Nursing Home Staffing Regulations, Proposals Clash With Financial, Operational Realities

As the White House considers stricter federal staffing minimum requirements, regulations in some parts of the country are bowing to the realities of the skilled nursing industry’s workforce crisis.

Providers in states from Virginia to New York are pushing back on the requirements they say threaten their ability to provide the best care for residents. The Georgia Health Care Association (GHCA) opposes implementing a “one size fits all” approach to regulating its providers’ staffing levels.

“A mandated increase in staffing minimums increases the risk of providers basing hiring practices upon the ‘warm body’ model,” Tony Marshall, president and CEO of the GHCA, told Skilled Nursing News. “This would exponentially increase the potential for abuse, neglect and exploitation.”


Pennsylvania offers a clear example of a state that has granted more leeway to providers on staffing minimums, while still pushing for higher hours per patient day (HPPD).

As the state passed its historic 17.5% Medicaid reimbursement increase set to go into effect next year, lawmakers also backed off efforts to raise the minimum HPPD staffing requirement from 2.7 to 4.1.

Instead, providers compromised and agreed to gradually raise the minimum to 3.2 by 2024, after the Medicaid reimbursement increase goes into effect, offering some optimism for the future.


“It doesn’t mean that there won’t be more work, it doesn’t mean that we won’t still be focused on workforce development,” Zach Shamberg, CEO and President of the Pennsylvania Health Care Association (PHCA), told SNN. “But we believe that we can get there next year, and 2024 as well.”

Pennsylvania as a model

Within the next year, the Centers for Medicare & Medicaid Services (CMS) is expected to study the level and type of staffing needed at skilled nursing facilities and propose a new standard.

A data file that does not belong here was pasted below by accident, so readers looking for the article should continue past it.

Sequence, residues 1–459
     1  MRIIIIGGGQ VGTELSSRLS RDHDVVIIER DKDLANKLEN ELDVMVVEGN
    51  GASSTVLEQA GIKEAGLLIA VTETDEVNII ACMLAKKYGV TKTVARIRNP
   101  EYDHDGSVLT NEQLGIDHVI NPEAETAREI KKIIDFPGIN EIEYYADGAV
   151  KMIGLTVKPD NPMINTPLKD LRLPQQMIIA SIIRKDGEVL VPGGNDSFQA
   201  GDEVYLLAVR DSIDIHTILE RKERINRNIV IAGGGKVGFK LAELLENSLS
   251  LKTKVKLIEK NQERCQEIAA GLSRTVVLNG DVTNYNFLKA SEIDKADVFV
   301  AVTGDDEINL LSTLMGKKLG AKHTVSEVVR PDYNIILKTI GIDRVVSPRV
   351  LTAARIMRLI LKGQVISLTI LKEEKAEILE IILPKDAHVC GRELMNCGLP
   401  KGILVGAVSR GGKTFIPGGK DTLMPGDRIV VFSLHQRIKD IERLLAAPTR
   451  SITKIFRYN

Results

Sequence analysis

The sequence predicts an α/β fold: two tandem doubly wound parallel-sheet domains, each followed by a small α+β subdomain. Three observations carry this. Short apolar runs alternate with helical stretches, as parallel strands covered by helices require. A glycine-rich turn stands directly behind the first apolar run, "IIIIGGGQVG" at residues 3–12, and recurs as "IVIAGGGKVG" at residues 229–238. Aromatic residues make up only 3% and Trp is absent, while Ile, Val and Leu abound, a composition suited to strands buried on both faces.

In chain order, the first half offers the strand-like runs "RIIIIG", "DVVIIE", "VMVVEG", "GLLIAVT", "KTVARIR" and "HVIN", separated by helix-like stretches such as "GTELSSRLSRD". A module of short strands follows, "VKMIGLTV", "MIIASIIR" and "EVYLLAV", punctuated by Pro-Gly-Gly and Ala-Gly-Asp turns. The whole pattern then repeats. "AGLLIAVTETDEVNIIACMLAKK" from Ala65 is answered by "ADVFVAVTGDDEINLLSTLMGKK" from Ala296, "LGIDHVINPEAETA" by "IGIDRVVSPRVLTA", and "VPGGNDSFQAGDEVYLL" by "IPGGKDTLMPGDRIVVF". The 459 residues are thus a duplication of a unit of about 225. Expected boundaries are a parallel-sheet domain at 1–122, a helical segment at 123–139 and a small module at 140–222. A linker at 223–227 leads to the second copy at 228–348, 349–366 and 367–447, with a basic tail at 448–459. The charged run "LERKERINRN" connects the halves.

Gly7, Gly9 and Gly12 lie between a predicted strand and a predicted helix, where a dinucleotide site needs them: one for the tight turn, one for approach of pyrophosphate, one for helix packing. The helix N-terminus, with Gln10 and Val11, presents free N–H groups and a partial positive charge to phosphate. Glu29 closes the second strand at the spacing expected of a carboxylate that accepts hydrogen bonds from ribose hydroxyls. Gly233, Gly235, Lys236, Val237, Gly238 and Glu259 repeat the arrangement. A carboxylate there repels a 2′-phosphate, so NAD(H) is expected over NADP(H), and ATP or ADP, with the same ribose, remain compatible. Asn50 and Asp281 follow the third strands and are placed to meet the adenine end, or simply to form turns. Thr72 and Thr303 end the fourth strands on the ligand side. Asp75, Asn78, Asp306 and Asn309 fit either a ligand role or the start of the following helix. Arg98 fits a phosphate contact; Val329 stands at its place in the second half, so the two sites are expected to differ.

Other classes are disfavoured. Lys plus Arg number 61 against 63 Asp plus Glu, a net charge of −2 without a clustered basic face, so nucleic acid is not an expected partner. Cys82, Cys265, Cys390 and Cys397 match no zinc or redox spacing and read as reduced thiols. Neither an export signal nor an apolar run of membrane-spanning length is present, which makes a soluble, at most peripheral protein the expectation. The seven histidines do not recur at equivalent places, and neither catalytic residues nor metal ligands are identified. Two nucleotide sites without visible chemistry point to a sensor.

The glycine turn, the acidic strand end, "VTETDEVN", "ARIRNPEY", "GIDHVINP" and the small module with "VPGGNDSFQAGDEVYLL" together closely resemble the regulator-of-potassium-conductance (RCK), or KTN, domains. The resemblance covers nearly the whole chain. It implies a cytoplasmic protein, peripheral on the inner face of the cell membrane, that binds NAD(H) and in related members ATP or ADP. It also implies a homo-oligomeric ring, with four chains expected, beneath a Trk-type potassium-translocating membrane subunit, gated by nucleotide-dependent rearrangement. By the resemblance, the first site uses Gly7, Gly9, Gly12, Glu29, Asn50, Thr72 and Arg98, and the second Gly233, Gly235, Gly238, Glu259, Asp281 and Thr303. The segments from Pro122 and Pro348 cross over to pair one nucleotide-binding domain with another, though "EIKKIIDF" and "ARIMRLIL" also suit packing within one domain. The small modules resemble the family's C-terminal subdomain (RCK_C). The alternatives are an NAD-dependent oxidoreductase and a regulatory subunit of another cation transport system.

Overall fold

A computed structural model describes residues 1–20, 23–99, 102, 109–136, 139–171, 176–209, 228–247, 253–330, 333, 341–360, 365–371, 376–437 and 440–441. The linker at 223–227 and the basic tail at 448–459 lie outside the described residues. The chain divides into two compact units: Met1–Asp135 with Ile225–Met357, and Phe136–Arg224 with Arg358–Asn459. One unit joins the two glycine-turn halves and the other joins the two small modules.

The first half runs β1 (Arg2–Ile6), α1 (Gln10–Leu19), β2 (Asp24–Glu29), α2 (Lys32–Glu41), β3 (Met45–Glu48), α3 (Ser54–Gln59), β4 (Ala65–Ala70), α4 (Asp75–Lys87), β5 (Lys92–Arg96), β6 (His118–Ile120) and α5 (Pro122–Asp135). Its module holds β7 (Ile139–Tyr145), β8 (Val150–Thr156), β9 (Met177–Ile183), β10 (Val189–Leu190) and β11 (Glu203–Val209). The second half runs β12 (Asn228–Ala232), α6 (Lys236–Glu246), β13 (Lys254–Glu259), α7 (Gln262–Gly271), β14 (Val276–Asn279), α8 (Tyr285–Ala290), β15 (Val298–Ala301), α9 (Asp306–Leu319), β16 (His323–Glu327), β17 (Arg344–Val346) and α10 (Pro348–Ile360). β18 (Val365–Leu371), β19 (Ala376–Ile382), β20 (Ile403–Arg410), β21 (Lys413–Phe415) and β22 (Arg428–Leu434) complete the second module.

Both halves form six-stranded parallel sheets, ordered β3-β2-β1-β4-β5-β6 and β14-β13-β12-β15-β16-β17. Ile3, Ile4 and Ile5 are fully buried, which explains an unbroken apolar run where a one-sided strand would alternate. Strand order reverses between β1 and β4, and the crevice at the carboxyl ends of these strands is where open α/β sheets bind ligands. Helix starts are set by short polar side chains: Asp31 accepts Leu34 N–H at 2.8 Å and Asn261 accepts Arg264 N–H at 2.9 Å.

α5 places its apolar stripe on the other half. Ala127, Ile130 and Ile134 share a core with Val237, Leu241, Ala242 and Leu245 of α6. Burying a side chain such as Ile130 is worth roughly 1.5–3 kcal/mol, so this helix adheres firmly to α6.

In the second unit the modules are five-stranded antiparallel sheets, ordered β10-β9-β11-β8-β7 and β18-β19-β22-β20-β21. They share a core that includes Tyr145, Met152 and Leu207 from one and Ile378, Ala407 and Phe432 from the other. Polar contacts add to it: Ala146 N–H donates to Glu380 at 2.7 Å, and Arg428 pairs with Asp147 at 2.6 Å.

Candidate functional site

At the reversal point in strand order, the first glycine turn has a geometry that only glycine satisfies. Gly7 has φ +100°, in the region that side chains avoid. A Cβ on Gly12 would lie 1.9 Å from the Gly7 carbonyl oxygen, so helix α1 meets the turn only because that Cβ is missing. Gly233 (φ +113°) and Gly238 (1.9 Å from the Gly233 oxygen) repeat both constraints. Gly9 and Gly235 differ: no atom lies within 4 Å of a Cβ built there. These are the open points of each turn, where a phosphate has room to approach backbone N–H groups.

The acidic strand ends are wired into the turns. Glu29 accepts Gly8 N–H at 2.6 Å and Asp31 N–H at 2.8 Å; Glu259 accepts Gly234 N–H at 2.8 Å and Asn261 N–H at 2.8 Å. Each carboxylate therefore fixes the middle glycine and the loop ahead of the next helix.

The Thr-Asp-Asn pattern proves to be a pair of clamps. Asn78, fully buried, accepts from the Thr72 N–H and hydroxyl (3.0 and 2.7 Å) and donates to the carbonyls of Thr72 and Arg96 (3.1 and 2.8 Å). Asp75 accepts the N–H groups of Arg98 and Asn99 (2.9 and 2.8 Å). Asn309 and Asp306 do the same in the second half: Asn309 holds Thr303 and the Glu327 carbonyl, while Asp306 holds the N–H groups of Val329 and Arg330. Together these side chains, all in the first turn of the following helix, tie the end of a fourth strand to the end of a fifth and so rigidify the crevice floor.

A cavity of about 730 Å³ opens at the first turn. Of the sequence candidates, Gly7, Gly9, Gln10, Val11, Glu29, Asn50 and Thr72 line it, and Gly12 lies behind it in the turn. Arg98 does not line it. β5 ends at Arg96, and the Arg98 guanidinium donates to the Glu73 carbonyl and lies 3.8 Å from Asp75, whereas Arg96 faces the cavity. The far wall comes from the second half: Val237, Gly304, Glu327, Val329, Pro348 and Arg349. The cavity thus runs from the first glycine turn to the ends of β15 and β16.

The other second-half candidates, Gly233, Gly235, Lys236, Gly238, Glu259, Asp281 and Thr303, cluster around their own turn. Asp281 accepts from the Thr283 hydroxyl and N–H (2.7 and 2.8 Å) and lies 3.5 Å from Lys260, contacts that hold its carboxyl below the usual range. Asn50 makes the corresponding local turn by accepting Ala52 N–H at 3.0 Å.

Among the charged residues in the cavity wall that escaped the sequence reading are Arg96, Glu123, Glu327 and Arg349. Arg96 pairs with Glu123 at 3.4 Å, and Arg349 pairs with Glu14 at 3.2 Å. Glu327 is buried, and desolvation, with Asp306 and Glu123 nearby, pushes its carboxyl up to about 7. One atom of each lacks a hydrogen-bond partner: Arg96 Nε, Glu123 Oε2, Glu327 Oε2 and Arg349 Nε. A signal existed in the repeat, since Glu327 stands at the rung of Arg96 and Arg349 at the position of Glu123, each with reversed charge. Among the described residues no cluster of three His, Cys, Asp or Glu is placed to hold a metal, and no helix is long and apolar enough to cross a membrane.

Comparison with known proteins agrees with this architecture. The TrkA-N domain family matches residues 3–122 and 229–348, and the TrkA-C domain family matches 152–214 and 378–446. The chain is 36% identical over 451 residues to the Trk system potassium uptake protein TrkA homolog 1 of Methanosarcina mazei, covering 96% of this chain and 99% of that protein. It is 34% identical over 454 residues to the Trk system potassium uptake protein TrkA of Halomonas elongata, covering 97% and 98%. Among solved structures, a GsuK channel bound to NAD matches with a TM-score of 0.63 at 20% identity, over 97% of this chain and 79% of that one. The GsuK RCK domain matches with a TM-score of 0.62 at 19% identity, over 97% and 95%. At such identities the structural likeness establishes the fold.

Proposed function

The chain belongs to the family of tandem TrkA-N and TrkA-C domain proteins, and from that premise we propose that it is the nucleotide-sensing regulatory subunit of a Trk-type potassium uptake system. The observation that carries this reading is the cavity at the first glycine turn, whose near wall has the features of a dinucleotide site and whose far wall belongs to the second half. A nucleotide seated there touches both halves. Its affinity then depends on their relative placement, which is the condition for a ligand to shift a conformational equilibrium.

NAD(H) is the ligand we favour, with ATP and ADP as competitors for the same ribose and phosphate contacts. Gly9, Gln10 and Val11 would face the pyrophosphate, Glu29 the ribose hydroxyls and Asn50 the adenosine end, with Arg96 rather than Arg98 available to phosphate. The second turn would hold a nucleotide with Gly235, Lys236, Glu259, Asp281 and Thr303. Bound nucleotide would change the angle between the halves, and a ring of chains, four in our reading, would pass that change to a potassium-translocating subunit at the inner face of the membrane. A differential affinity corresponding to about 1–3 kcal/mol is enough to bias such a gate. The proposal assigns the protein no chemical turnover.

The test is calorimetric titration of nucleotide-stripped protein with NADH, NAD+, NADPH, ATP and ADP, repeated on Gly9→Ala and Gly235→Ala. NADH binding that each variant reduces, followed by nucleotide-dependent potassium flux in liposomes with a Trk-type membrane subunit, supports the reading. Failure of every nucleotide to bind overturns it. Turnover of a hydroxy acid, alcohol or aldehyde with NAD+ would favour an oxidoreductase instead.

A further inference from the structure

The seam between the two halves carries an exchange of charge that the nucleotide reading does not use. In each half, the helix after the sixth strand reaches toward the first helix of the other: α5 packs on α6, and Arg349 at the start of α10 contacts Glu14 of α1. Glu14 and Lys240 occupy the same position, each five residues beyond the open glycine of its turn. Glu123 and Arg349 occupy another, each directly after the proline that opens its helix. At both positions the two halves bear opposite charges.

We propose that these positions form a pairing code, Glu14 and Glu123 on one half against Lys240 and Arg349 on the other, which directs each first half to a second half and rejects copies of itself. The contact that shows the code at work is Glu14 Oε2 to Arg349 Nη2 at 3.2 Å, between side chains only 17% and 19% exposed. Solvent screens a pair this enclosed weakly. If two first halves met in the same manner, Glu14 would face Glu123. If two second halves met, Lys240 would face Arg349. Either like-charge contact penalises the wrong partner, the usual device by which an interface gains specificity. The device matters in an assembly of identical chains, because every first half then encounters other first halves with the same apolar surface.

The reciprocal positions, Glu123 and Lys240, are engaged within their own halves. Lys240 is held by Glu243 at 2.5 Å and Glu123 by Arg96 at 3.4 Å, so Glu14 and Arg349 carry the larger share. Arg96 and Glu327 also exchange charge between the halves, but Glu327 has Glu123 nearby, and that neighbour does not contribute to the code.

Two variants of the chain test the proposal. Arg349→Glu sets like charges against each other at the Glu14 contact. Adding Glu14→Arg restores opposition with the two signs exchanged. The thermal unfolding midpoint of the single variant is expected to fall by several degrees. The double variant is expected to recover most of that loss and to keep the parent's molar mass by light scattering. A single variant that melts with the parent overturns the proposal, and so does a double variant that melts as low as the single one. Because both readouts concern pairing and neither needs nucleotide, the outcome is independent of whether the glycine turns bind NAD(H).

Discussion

However, nursing home providers have expressed concern over this plan, saying that while they would like to have higher staffing ratios, they are facing a dearth of job applicants and insufficient reimbursement levels to raise wages or take other steps to build the workforce. Meanwhile, the Centers for Medicare & Medicaid Services (CMS) has proposed slashing SNF Medicare reimbursement rates for 2023.

But while CMS is moving to cut reimbursements, states are able to tap into federal funds to support nursing home operators. Pennsylvania allocated $131 million in American Rescue Plan funds for its Medicaid increase.

And Pennsylvania’s approach to the issue stands out for how the state tied its rate increases to staffing and care expectations, including a requirement that operators spent 70% of the new funds on bedside care. This move helped gain the support of the Service Employees International Union (SEIU), as part of an “unorthodox” coalition with the state’s providers, Shamberg said.

He believes the rate increase will “help providers in the months and years to come investing in this workforce, and hopefully building a more robust workforce pipeline.”

Pennsylvania provides one model for how federal nursing home reform might be accomplished most fruitfully, by tying care standards to payments and finding common ground for employers and labor. But there is also a concern about whether national staffing minimums are a good idea at all.